If you solve home assignments, then why did you not do well in the test? Was the test harder than the assignments or were you too anxious?
I don't even know who to talk to, I'm suffocating. I study 10+ hours a day in my discrete maths degree and I absolutely ACED high-school (100% average on calculus for example). I breeze through most of the assignments but in the mid-term tests I'M HORRIBLE.
I score lower or average in the tests which is a horrible 45%'ish. I can barely Fing breathe right now I am so furious. I'm the ONLY person along with maybe 1 other who can answer any question that the teacher asks (I even pause before doing so to let others have a chance to answer) and I participate in class like no other. I show up for every lecture and deliver every assignment.
I just want to vent off and maybe hear from others, my eyes are wet and I'd be crying if my girlfriend wasn't in the same room, man. This is the biggest bummer of the year for me.
When I went through my math courses, I studied and prepared to the point where I never had any surprises come exam time.
From what I can gather, this has happened to you on more than one test? Are the tests that much different than the homework assignments?
When you're taking the test, do you have the same confidence solving the problems as you do when you "breeze through most of the assignments"? Or are there surprise questions that you weren't expecting?
The tests are pretty much in sync with the home assignment, but I have a week to complete the home assignment but only an hour to complete the tests and no help. I can't memorize EVERYTHING but I EASILY understand every single thing in the syllabus. But I can't memorize every single thing come test time
You should collect as much information as you can about your learning process (which home assignment problems you have solved, how much time it took you, what part of the material you remembered and so on) and have a detailed talk with your instructor. Try to be as objective as possible, i.e., talk about facts. For example: "I did a 6 hour review before the test, but was able to memorize only half the formulas". Ask for his/her advice about your learning style and about the course in general. Usually professors genuinely like and want to help.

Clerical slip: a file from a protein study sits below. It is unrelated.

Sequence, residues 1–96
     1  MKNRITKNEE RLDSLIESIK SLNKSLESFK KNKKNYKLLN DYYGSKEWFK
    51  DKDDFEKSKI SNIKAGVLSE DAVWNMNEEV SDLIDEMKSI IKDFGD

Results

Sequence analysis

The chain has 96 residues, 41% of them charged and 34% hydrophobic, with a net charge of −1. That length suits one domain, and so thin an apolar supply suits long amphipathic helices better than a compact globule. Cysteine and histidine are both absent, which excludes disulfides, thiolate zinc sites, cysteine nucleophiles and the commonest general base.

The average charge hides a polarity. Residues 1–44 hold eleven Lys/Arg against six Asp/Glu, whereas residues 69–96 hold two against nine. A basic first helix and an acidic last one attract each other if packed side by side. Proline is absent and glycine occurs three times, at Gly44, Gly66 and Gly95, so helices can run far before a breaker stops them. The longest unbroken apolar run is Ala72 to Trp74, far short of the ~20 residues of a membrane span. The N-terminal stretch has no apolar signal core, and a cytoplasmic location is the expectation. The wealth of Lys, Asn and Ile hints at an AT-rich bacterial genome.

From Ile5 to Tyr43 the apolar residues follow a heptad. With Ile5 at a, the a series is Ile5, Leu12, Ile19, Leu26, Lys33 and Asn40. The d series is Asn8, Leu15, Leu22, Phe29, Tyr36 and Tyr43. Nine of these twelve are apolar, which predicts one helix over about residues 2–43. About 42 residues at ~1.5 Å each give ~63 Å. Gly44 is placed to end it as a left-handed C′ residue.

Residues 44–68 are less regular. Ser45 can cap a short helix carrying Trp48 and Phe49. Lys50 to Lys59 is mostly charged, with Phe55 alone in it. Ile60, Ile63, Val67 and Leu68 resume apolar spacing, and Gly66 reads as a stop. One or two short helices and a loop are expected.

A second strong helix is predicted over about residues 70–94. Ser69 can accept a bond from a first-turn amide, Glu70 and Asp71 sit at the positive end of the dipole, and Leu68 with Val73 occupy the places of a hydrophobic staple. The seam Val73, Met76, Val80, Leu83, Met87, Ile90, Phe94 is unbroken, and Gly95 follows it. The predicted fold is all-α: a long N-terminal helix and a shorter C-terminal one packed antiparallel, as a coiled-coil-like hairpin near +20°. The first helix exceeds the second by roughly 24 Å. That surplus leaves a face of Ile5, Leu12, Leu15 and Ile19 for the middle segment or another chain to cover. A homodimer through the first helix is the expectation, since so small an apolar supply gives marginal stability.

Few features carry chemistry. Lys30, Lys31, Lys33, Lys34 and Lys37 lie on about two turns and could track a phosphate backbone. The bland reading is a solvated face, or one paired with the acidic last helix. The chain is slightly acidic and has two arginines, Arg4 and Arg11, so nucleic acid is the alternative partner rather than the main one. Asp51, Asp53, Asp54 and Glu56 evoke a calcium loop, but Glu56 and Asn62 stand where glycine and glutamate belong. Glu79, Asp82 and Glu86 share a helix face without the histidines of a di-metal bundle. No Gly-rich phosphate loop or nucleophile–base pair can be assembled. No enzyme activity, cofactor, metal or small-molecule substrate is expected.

Maybe you guys could tell me some good study techniques for studying mathematics? Note-taking, is that a yes or no? I dislike taking notes as I'd rather participate in class, so I just snap a picture of the white-board with a camera to review if I need information from the class, but I'd reconsider that if there was a good reason to.
Studying for math works fundamentally different than for almost any other subject. Just like preparing for a sport, you must practice, practice, practice, ABOVE AND BEYOND THE ASSIGNMENTS YOU ARE GIVEN IN CLASS. Those are considered to be a BARE MINIMUM for preparation.
Something I have always found useful is this: when you think you understand something, try to explain it to someone else (a study group is really good for this sort of thing).
Another thing you can do: time yourself when you do your homework. Pretend it's an actual test. Don't rush yourself, just keep track of how long the problems take you. Learn to distinguish between problems you can solve on sight, and problems that require "working out". Those problems identify the problem areas for you. Re-review any theorems that apply to those problems. Can you prove them yourself, or at least explain what they mean to someone?
If your professor is generally unavailable, find out of there are TA's who can help you. Talk to your fellow class-mates, pool your resources. Consider using a tutor, perhaps an upper-classman. But try to make an effort to get through to your professor. Learn his/her office hours, approach him/her before or after class, write him/her an actual letter (like with a stamp and everything). Be persistent, this clearly matters to you.
Taking notes can help, but use them to remind yourself of key points, don't spend so much time doing it you can't focus on what is being said. If a certain section of your text is referenced in your lecture, stick a bookmarker there for later fast reference.
One last thing: the way you feel right now? Remember it. Use the pain to strengthen your resolve. Next time you square off against a test, be in the mind-set to kick its...well, you know.